Both parties agree that the answer to the question whether failure to commence construction was a default is to be found in section 16 of the franchise ordinance. This section contains two alternative paragraphs, paragraph 2 and paragraph 3, with different deadlines for commencement of construction. G.E. is not in default if paragraph 2 is applicable, but it is in default if paragraph 3 applies. These paragraphs read as follows:

"In the event it is necessary for the Company to obtain approval licenses and permits from the Federal Communications Commission in order to operate the system, the Company further agrees to commence operation within 12 months after the receipt of all necessary Federal Communications Commission licenses and permits, and provided further that any application which the Company may be required to file with the Federal Communications Commission, shall be filed within Thirty (30) days from the date hereof, and the work of installing the system required hereunder, shall be commenced within Sixty (60) days after the receipt of all necessary Federal Communications licenses and permits.

In the event it is not necessary for the Company to obtain approval licenses or permits from the Federal Communications Commission in order to operate the system, the Company further agrees that it will pursue construction of its facilities to the end that all persons residing within the City and desiring Company's service will be offered such service within a reasonable time in accordance with Sections 5 and 11 herein. Company further agrees to commence actual construction of the system herein described within 60 days after issuance of the Franchise, subject to acts of God and acts beyond the sole control of Company, and Company further agrees to complete construction of the system herein in accordance with Sections 5 and 11 of this Ordinance no later than 12 months from the effective date of this Ordinance, subject to acts of God and matters not within its sole control."

• 5, 6 The City argues that paragraph 3 applies because FCC approval is not needed to operate the system by carrying only local programs until microwave reception is allowed. G.E. maintains that paragraph 2 applies because FCC approval is needed to operate the system if microwave reception of distant stations is to be provided as the ordinance requires. If paragraph 3 were applicable, it would require G.E. to invest approximately $2,000,000 in construction of a system which would include microwave equipment not usable to bring in distant signals for an indefinite time, and which meanwhile could carry only programs available to the Peoria public without charge from the three local stations. G.E. would have nothing to sell. It is established that an interpretation of an ordinance leading to an absurd result is to be avoided if possible. (City of East St. Louis v. Union Electric Co., 37 Ill.2d 537, 542.) It is therefore our opinion that paragraph 2 applies, construction did not have to be commenced within 60 days from granting of the franchise, and G.E. is not in default.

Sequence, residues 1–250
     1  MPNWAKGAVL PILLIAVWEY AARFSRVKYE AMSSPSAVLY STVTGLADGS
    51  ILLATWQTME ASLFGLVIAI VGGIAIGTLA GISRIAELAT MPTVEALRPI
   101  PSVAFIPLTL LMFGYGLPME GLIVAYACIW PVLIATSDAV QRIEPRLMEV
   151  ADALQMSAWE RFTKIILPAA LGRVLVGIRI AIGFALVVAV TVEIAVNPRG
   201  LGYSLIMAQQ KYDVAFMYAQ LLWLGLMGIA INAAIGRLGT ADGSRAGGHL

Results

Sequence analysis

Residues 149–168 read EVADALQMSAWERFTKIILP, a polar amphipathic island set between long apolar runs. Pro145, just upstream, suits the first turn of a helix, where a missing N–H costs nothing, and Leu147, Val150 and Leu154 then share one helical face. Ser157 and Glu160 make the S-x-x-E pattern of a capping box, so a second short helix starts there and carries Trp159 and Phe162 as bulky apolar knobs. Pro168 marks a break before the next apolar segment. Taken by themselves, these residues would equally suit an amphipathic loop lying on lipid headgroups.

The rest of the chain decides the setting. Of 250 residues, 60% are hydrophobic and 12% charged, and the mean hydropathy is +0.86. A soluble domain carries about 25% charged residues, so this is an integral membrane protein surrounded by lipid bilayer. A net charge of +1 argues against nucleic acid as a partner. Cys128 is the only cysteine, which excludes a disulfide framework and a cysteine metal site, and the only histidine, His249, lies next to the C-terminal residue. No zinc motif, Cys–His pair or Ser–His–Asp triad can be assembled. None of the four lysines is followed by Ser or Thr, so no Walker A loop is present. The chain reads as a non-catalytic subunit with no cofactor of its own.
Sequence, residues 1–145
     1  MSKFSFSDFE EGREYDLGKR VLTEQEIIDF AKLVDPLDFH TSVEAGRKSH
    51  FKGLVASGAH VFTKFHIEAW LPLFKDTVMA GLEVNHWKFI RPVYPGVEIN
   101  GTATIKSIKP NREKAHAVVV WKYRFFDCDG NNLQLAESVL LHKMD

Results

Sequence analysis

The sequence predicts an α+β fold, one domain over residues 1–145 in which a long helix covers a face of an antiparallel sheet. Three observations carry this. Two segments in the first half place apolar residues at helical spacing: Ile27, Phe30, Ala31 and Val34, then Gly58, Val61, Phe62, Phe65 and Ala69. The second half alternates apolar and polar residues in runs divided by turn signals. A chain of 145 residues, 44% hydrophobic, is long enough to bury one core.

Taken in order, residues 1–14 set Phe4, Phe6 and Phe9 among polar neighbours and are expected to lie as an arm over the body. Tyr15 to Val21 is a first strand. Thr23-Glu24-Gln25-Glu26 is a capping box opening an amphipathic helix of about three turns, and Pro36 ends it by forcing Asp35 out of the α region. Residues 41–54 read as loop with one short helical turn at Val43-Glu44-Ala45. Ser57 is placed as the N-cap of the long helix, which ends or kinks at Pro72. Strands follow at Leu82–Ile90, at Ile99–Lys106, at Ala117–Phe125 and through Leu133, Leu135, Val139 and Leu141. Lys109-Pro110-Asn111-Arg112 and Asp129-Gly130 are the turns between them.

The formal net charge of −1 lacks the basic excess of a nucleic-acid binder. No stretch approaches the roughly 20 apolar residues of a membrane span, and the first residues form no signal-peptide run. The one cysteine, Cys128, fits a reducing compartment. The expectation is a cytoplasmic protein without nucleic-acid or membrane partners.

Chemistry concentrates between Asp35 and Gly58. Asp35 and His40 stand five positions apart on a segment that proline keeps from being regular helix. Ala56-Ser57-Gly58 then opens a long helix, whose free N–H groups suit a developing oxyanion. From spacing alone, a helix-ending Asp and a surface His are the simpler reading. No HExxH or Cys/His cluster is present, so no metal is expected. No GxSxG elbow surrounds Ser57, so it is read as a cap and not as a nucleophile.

• 7-9 Our conclusion that the parties expected construction to be delayed until FCC approval could be obtained is supported by a substantial amount of extrinsic evidence presented to indicate the intent of the parties and to show the practical construction given the franchise ordinance by them. The City claims that the trial court committed error in allowing individuals to testify as to the city council's intent. It has been held, however, that evidence of practical construction given an ordinance is admissible against a city. (City of Chicago v. Chicago City Ry., 245 Ill. App. 473, 478.) Where there is sufficient competent evidence, as here, it is presumed that only competent evidence was considered by the trial court, and any error in admitting incompetent evidence is regarded as harmless. (McFail v. Braden, 19 Ill.2d 108, 120-21.) Furthermore, most of the evidence was admitted without objection, and error in the admission and consideration of evidence cannot be urged for the first time on appeal. In re Estate of Fisher, 409 Ill. 420, 423; People v. Sweeney, 114 Ill. App.2d 81, 86-87.

Since we have determined that G.E. is not in default, we do not reach the questions raised as to waiver or estoppel, or the inadequacy of four days' notice.

For the reasons given, the judgment of the Circuit Court of Peoria County is affirmed.

STOUDER, P.J., and SCOTT, J., concur.